Spring walk-through should take care of blazes and blowdowns. Summer needs clipper and weeders to brush out the trail to four feet wide and eight feet in height. Fall is for cleaning out water bars and improving the trail tread.
Davis implemented the current system for Trail Maintenance by dividing CMC's A.T. section into sixteen segments, each with its own maintenance leader. Each section was about five miles. Maintaining a section is very appealing.
You get your own piece of real estate with magnificent views. You don’t need great experience or powerful tools. You do what you can and report what you can’t do. In these early years, reporting was done by a phone call or a letter through the mail; it’s all online now. You work at your own pace. Adopting a piece of trail is a little like the Adopt a Highway program, which only started in earnest in 1988. Carolina Mountain Club and other trail maintaining clubs were way ahead of the Highway Program.
Unlike the Adopt a Highway scheme, there are no signs on the trail saying, “This piece of trail maintained by Danny” However observant hikers can discern when the trail maintainer changes. They certainly notice when the A.T. club changes as they hike long distances. Now, the list of CMC maintainers and their sections is kept on the CMC website.
CMC has a maintenance structure like a corporation with Paul Curtin, a retired engineer, as A.T. supervisor. “A.T. section maintainers are the glue that helps the club keep trails safe and sustainable,” Curtin says. “They are the eyes and ears who report significant downfall and other important issues that the crews address. Without them, the club would struggle to accomplish its mission.”
Now CMC maintains over four hundred miles of trail in the region including the A.T. We also lead five hikes a week, year-round.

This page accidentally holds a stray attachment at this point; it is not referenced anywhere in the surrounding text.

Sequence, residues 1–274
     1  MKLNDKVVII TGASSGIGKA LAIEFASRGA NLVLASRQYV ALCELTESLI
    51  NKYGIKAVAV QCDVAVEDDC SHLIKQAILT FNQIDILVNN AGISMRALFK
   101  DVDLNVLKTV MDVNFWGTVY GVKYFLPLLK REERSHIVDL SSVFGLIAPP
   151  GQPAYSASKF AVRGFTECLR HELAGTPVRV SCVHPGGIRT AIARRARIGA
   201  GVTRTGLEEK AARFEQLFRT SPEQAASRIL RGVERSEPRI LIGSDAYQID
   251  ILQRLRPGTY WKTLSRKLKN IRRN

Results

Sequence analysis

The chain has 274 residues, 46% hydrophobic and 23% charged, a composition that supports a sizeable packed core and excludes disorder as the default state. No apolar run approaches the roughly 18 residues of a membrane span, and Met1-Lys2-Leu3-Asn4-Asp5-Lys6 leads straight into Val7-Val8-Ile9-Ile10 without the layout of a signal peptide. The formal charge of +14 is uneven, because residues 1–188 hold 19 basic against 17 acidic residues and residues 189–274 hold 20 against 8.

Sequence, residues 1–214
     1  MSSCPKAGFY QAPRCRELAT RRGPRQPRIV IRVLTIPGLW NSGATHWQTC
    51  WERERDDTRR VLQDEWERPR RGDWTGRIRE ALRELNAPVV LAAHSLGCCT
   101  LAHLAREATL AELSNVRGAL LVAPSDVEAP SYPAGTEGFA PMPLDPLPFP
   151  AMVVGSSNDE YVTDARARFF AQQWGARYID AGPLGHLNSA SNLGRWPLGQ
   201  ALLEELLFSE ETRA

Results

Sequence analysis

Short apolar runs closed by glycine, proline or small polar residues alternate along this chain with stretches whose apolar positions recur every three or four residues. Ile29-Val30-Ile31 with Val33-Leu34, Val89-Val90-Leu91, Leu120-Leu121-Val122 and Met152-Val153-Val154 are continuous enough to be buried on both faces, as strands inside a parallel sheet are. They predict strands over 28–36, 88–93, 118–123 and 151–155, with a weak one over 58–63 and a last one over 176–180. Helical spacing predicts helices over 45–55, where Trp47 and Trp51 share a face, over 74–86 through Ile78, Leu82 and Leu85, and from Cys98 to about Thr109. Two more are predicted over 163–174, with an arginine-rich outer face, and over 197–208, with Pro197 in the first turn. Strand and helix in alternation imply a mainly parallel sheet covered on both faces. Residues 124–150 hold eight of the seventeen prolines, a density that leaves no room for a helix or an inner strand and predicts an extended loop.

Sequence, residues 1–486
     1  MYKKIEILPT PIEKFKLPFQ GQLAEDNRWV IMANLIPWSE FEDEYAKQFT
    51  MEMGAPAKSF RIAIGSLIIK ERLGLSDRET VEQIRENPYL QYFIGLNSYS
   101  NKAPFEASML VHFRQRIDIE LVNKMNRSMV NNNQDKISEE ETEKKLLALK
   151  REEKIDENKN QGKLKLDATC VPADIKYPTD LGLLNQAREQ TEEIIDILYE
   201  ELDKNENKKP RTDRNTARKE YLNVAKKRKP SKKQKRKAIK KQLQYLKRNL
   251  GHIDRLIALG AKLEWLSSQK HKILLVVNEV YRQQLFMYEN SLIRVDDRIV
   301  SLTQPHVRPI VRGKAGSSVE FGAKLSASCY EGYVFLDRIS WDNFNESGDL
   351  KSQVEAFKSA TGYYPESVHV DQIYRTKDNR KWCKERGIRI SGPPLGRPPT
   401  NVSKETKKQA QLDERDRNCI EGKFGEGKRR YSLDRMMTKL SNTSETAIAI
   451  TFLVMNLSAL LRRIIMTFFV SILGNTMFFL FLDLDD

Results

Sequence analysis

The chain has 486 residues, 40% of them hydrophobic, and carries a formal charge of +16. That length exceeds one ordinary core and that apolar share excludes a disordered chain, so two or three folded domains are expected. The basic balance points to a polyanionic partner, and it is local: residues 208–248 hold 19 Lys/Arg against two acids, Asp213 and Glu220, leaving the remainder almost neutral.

CMC Maintaining Trails for the Next Hundred Years
At 2,193 miles, the A.T. is affectionately known as the Green Tunnel because the trail is mostly in the woods surrounded by leafy trees and rhododendrons. The Mountains-to-Sea Trail stretches 1,175 miles across North Carolina and passes through small towns, state parks, greenways, and coastal lands. In 2022, CMC maintained 94 miles of the A.T., 161.8 miles of the MST and over 178 miles of other trails in the area.
Today CMC has many maintenance crews and functions: weekly trail crews, quarterly Saturday crews, Wilderness Response Crews, and Remote Overnight Crews with more developing as the need and the enthusiasm pops up.
It may seem like there’s no end to trail maintenance – and maybe there shouldn’t be.
CMC trails were well built but storms, floods and hurricanes bring down trees and make a mess of the trails. Hikers walk on the outside of the tread widening the trail. Privies fill up and need to be serviced. Just like a house, trails and shelters need constant upkeep and CMC volunteers will continue to maintain them.
Carolina Mountain Club: One Hundred Years tells the history of the oldest outdoor club in the Southeast. You can buy it at Malaprop’s Bookstore in Asheville, Mast General Store or online at Friends of the MST website.